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THE CAROLINA WATCHMAN.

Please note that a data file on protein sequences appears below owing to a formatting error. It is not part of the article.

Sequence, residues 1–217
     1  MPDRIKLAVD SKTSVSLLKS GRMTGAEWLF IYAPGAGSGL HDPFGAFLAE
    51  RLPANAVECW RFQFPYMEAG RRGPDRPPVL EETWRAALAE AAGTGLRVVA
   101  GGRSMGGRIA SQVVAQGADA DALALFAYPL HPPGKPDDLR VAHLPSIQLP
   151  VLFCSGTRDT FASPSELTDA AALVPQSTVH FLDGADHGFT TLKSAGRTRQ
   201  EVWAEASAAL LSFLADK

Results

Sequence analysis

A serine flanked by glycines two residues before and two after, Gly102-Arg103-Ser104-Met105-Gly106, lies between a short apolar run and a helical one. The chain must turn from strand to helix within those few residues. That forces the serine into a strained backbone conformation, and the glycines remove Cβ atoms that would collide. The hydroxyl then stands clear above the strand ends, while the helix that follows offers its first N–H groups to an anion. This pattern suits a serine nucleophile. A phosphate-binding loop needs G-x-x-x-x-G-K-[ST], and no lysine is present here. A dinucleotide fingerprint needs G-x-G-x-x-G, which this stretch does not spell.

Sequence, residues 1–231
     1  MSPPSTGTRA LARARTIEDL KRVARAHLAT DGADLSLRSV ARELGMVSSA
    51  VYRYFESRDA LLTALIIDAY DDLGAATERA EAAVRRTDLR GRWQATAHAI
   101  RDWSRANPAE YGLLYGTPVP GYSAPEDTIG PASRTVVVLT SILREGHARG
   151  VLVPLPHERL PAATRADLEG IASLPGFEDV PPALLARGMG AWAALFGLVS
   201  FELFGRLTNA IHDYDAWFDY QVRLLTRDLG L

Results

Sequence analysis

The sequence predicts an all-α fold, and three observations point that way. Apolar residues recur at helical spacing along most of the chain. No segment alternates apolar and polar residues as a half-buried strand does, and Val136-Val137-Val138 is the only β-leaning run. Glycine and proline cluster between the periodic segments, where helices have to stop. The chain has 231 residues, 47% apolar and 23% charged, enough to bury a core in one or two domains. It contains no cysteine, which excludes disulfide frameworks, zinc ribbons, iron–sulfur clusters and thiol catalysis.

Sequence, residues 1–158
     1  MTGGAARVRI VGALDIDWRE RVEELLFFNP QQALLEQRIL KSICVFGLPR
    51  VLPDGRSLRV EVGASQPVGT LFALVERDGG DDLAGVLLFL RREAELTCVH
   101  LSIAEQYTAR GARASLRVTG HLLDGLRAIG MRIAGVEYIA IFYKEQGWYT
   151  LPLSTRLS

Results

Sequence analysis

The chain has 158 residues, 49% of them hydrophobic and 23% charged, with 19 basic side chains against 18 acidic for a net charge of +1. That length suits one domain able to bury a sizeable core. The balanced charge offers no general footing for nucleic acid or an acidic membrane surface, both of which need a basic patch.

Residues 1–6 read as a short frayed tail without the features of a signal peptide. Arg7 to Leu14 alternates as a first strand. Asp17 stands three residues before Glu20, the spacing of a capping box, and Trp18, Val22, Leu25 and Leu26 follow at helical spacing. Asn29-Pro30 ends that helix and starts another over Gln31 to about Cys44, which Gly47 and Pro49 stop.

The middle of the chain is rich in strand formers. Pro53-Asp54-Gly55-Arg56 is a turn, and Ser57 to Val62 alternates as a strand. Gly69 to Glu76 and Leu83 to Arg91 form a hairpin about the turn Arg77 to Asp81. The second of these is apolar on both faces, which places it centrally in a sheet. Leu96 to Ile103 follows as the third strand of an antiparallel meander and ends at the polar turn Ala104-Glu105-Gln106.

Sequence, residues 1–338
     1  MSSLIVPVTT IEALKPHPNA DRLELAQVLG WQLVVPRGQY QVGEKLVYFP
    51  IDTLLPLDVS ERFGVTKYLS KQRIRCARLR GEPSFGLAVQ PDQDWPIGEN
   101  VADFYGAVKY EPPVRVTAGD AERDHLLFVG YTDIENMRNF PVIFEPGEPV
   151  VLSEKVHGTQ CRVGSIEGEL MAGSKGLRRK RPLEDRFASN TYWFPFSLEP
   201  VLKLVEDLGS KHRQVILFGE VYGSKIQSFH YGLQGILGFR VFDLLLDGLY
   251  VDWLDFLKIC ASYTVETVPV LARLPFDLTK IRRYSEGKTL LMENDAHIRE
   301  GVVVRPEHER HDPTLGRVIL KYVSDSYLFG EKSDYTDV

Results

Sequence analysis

WM. H. STEWART, Ed. and Pub. Published Every Wednesday at 120 West Inniss Street Subscription Price $1 per year strictly cash in advance ^ Entered as second-class matter Jan. 19th, 1905, at the post office at Salis bury, N. C., under the act of Congress of March 3rd, 1897. <UNlON IWTlABEL> —Atv — ■ -—."I Salisbury, N, C., June 14th, 1905 Being kept from our work for now two weeks by sickness, we find The Watchman under some what shortened sail this wreek. This has been entirely unavoida ble on our part, and hoping such may not soon occur again we ask the kind indulgence of ourj"read ers. New England and the South. The Boston Transcript is dis posed to make some comparison between New England and the South, and in the main, it is fair, but not well informed-—not up to the times as they exist in the South. It starts out *by saying that New England consists of but little more than 66,000 square milea, while the fourteen States of the South have an area of nearly 900,000 square miles, half the standing timber of the United States, more iron than Europe, forty times as much coal as Eng land, and they produce more than 80 per cent, of all the cotton of the world. Were the South to achieve as New England has achieva, it would be the richest section in the world. Then it reasons: Ihe Eew Englander, however, has learned his lesson. Besides his ingrain thrift, he has learned to adapt himself to changing con ditions, as1 has been shown in the manufacture. More than this, there is some subtile alchemy by which the raw importations of labor are transfermed into skilled workmen. Directing this enor mously valuable capital of labor there are men who are trained to the knowledge of every detail in in their business. Furthermore, the New Englander puts by some thing each year. The figures in comparison with the South are surprising. With the most lib eral estimate of savings accorded the South there is but $1,44 saved to each inhabitant, against $189 to each inhabitant of the New England States.” we do not know where The Transcript gets its figures, but its claim that the savings of the South are but $1.44 per inbabi tant, against $189 to each inhab itant of the New England States, is a surpising one. Perhaps The Transcript bases its statement on some oik census report. The dif ference in the savings of the peo ple of the two sections can hardly be that great now. But the Bos ton paper *from which we . quole evidently believes it, and says: “No man can read these facts without picturing the great oppor tunity before the South when it comes to realize their full mean ing. There must be, in the future, au increased appreciation of the value of small savings, of those tiny rills which flow into a stream with a current sufficient to turn the wheels of commerce for a nation.” True enough. This is a lesson the South has learned and is living up to it. This sec tion has done more in that line in recent years than our Boston contemporary is aware of. The •Transcript is just enough to say that: “Object comparisons be tween the industrial development of the North and the South are unfair, because New England had a tremendous start and never, to any extent, was obliged to suffer from the curse of slave labor, which allowed the people to pros per without working. But the conditions of the South are changing, and today the South i STATESVILLE AND IREDELL GOUNTY, | I 48 lbs of Meal to the Bushel Now.! Some Liars at Large. Statesville landmark, June 2th, Mrs. J. T. Raymer and little son, Charies, went to Rowan county Wednesday to attend the marriage of Mrs. Raymer’s.neice, Miss Mamie Dtal and Luther Feeler, of China Grove, which took piace at 6 o’clock last even ing. The Landmark is asked to call attention to the fact by act of the last Legislature a bushel of meal must now weigh 48 lbs. Formerly 44 pounds passed for a bushel but now 48 is required and it is con trary to the form of the statute not to give the full weight. John Sowers, familiarly known here as “Sunday” Sowers, was tried before Justice J. P. Burke Wednesday for burning three stacks of hay that belonged to E. P. Holland, who lives in Bethany township. The hay was burned on the first of May. Justice Burke asked John if he set fire to the hay. John said that he did, that he would own up like a gen tleman ; and when he was ques tioned further as to why he did it he said that Mr. Holland had promised him one of his daugh ters, and she got married; then he promised him another daugh ter but would not let him have her “and you know that’ll put the devil in a man,” said John. Even so. In a letter to T. J. Conger, of this county, T. B. Parker, secre tary and treasurer of the North Carolina division of the Southern Cotton Association, expresses the opinion that the gov^rment’s esti mate of the reduction of the cot ton acreage, which is 7 per cent, less than the Southern Cotton Association estimate, is all wrong. Mr. Parker says: “If it [the government report] is accurate, the persons who have reported the Southern Cotton As sociation either knew nothing about what they were reporting or they are the biggest liars un hung ; and I am not prepared to believe they did not know what what they were talking about, or that they were not telling the truth as to reduction in acreage and fertilizers. The government report I think very misleading, and it will cause the price of cot 'ton to fall. In view of that I hope that no man will offer a bale of cotton for sale for the next 80 days, and not then for less than 10 cents. I firmly believe condi tions warrant a price of 10 cents a pound for cotton, and I also think it will bring that next fall when the truth about the crop is positively known. Further, I do not believe the present crop will’amount to 10,000,000 bales.” As now fitted up in the new opera house, spacious quarters, handsome furniture and every convenience that money can pro vide, the Old Hickory Club, is said to be one of the best in the State. Rev. J. H. Wilson, pastor of St. John’s Lutheran church of this city, has been dubbed a Doctor of Divinity by Newberry College, Newberry, S. C. It will hereaf ter be Rev. J. H. Wilson. D. D. W. F. Bundick, of Virginia, who has arranged an itinerary for lecturing throughout the State, will speak in Rowan as follows: Salisbury, Friday night; Spen cer, Saturday night and Faith, Sunday morning and night. Other nearby points are Gastonia Mon day, Statesville Tuesday and Lin coluton Wednesday. needs men who can realize the new situation and the new oppor tunity, content, as many a New Englander has been, to start at the bottom and work upward.” The South is today full of just men as Transcript says it needs— men who realize “the new situa tion and the new opportunity” and men who began climbing from the bottom toward the top. This Boston paper ought to send a reporter down South and learn something.—Chaclotte Chronicle. (Continued from page 1.) the same. \\ e see no need for the Legislature to make laws if they are net. enforced. Charlie Myers, white, and Chal Ingram, col., narrowly escaped drowning a few days ago by fall ing in a shaft at the Lyerly mine. Both men were on a scaffold not properly constructed when the scaffold gave way and they fell to bottom, the water iu the shaft was about BO feet'deep. The lauds of the late Moses Trexler will be sold at the court house in Salisbury Monday, July 8. J. M. Proctor, admr, Saui’l T. Trexler has returned home from Virginia, where he has bien canvassing pictures. No, no, Bartlette, you are.sadly mistaken when you are talking about that toe your Uncle Lee lost some time ago. Don’t you remember that you were present during the amputation of that toe and don’t you know you hadn’t a square meal for 6 months? Anybody can guess where that toe went to. Why, you was always fond of fresh meat. Yes, my dear brother, we shall be ready for the inspection from the Department of Agricul ture. “Ditto” to you in making an inspection of your place and finding no cattle near. They will be sure to quarantine you, my humble servant. J. Will Proctor is doing some good work in the photograph business. He guarantees, and is sure to plese. Give him a call. With best wishes, I am, very truly yours, Lee. avail His Wife's Ufa b/ Taking a Drink, Lawyer Jerome tells a Mont gomery county story that shows that sowpaw is good for othei tnings than snakebite. “Evei hear of a man saving his wife’s life by taking a drink of whis key?” he asks. ‘‘Well, that thing happened in Montgomery conn ty,” he goes on to say: woman was sick and thought tc be dying, and no doubt really was. The family had been senl for and the neighbors had gather ed in. She had left her parting instructions and had told all good bye except her husband. Then the old gentlman, who had undei the stress of_ his impending be reavement, taker, a drop to steady liis nerve, knelt down to take his farewell kiss. The result was unlooked for. ‘Look here, John, said the departing one, ‘I smell your breath. Ain’t you a nice husband and kiss your poor, dying wife goodbye after taking a drink of liquor! I wouldn’t a-thoughl it of you, John (with rising ani mation). Ain’t you a nice man !: Pretty soon the neighbors dispers ed, for it was evident that there would be no fueral there.”—Mon roe Journal. __± I am conducting a general Sewing Machine business at the Brown Shoe Co’s. Store, 107 North Maita Street. I have Machines from $3 00 up. I will try and please my customers with both ma chines and prices. You can find Oil, Needles and supplies at my place. I do all kinds of repair work on machines. Will take old machines as part payment for new ones. RespeCtfully, f.«.«!, Salisbury, N. C. ADMINISTRATOR’S NOTICE J Having qualified as administrated of the estate of Jas. A. McCoimaugl^ey, dec’d, I hereby notify all erf ditori of said intestate to present their clams to me on or before the 7th day of June, 1906. All persons indebted to said intestate are requested to make make prompt payment. This June 6th, 1905 6w J. J. Stewart. Administrator. IS'icolson.—Janie, the two-year old daughter of Mr. aud Mrs. W. S. Micolson, died at 10:80 Mon day Morning. The funeral was held from the house Tuesday evening and-The interment took place in Chestnut Hill cemetery. Smith.—The death of one of Salisbury’s oldest citizens took place Monday night at the home of her son, M, C. Whitman of Danville, Va., in the person of Mis. Sarah M. Smith, widow of Jas. D. Smith. Leonard.—Joseph Leonard, the three-year-old son of Mr. and Mrs. R; P. Leonard, of Trading Ford, met death Monday in a very sad ana shocking manner. The little fellow was left alone for a short time aud had probably crawled up on a chair off which he fell and broke his neck. Mr. and Mrs. Leonard has the sympathy of all good people. Hege.—Alice, an infant of Mr. and Mrs. T. B. Hege, who recent ly came here from Winston, died at their home on cemetery street Monday. The remains were tak en to \\ inston for interment. I Assailants of Grubb Arrested. The three white men accused of complicity in the attempt to as sassinate H. Clay Grubb, Lester Davis, Henry Charles and Dave Leonard, have been arrested and placed under a bond of $500 each till a hearing can be had before Jno. H. Moyer, justice of the peace, Nat Crump, the negr^ who did the shooting, and a most notorious and desperate character, who was recently outlawed, cap tured and placed m the Lexing ton jail, is to be the star witness at this trial, which will take place June 27th. I ■ -— -—T Wood's Seeds. Wood’s Selected Seed Potatoes are specially grown for seed pur poses, and are very much superior H to ordinary potatoes. We carry the p iargest stock in the South, and :5 can supply large buyers to the ® very best advantage, both as re t gards quality and price: Wood’s Twenty-fifty Anni versary Seed Book, which is f mailed Tree on request, tells all P about the best new and standard | varieties of Potatoes, as well as S about all Garden and Farm j Seeds. Write for Seed Book and i special price list of farm seeds. ? T.W.Wood & Sons, Seedsmen, RICHMOND, - VIRGINIA. WOOD’S -Awarded GRAND PRIZE - ST. LOUIS, 1904. GOLD MEDAL - PARIS, 1900. Nothing has ever equalled it. | Nothing can ever surpass it. | Dr. King’s f New Discovery f rorCSjSCT*^';;.,, I A Perfect For All Throat and j Cure: Lung Troubles. Money back If it fails. Triai Bottles free. | | A FREE PATTERN 1 E (your own selection) to every sub- I I scriber. Only 50 cents a year. !$ A LADIES’ MAGAZINE. A rem; beautiful colored plates; latest i fashions; dressmaking economies ; fancy work ; household hints; fiction, etc. Sub j scribe to-iiav, or, send =;c for late*, copy Lady agents wanted. Send for terms, h Stylish, Reliable, Simple, Up-to f g date, Economical and Absolutely | Perfect-Fitting Paper Patterns. 3 All Sea*Trf Allowed and Perforations show i*»? Br.si.13 and .Sewing lines. '■ >v i ’ .:••.! i - C'*nts each —mine higher ’i i jn neatly every city , - i t«- . :i. ('■ by m.i-’l from | t::" MrCALL co.. 1 ».'M .iiif St. NYW YORK. - ; i -it., _ i&S&SEfrSE&W ARE ton HAPPY! 1 The bargains at will make you happy if you want anything in Dry Goods, Clothing, Millinery or Shoes Don’t pay big prices for Clothing. You don’t have to. Just come to the Big Store the prices want shock your pocketbook. We won’t you to visit our store and see some of the special bargains we offer in Clothing. Men’s 2 piece Summer suits for only $1.98 Special bargains in Men’s Summer Suits at $3.98, $4.98 and $7.48 Our motto in Clothing is the same as other goods, “Quick sales and small profits,” and our business is steadilv increasing under this policy. Men’s odd pants at 48, 75, 98 and up to $3.98 Men’s good apron front overalls at 50 and 75c Men’s and Boy’s nice style straw hate for 25 and 48C Men’s 75c Negligee shirts, nice selection of styles at only 48c Men’s Boy’s good 10c suspenders. Our price only 5c Shoes for Men, Women and Children. Ladies’ Oxfords. Black or White. Cap toe for 46c Ladies’ solid leather Oxfords at 98, $1.25 and $1.48 JJrew-belby Co’s, fine shoes for iadies. You get style, comfort and service, all combined if you wear Drew-Selby Shoes. We have them in all styles at $2,00, $2.50 and $3.00 Waihingtou Shoes and Oxfords for men. All the styles of *3 00 and $8.50 shoes, but only $2,00 and $2.50 Millinery. If you wish just a cheap hat, or if you wish some special style you 11 hardly fail to find it here. Our expert designer from New Aork will take pleasure in helping you to make your selection, if you 11 just tell her what you want, and no extra charge. Our prices are very low for such high class Millinery. All kinds and prices from the cheapest up We Keep a Large Assortment of Furniture From a Plain Uncarved Chair To The Finest Chiffonier, Come ye from afar and Near And buy your Furniture here. We Se'l For Cash or Crtflit if yon Want it yon can pt it So SUMMERSETT’S 18 THE PLACE. 108 W. Tnniss Street Three Times the Value of Any Other. ONE-THIRD FASIEB, ONE-THIRD FASTER The only Sewing Machine that does not fail at any point Rotary Motion and Ball Bearings make it the lightest running machine in the world Agents wanted in unoeupi j |i@ ed territory. Ills Send for circuiais and terms. WHEELER & WILSON w, MFG.CO. „ , . , Atlanta, - - Georgia. torb,lel,y o. w. SNIDER, VITALITY DR- MOTT>a I The great iron and tonic pill and 5. strength and vitality, builds up the system nfT and women, produces , -J bringinghealthandWppiness Pib-)d0se=i™a bnV'eFG'VS ,thv norIIlul viKor, f &FTFR IKING or we will mail it, securely wramial ™ !«• , } orsale by al 1 druggists, 1 W i th UdINo. 6 boxes for $5.00. Drf Mott’l Chemical CtTr,’ For sale by SALISBURY DRUG1 co.’ CleveIand’ oh,°*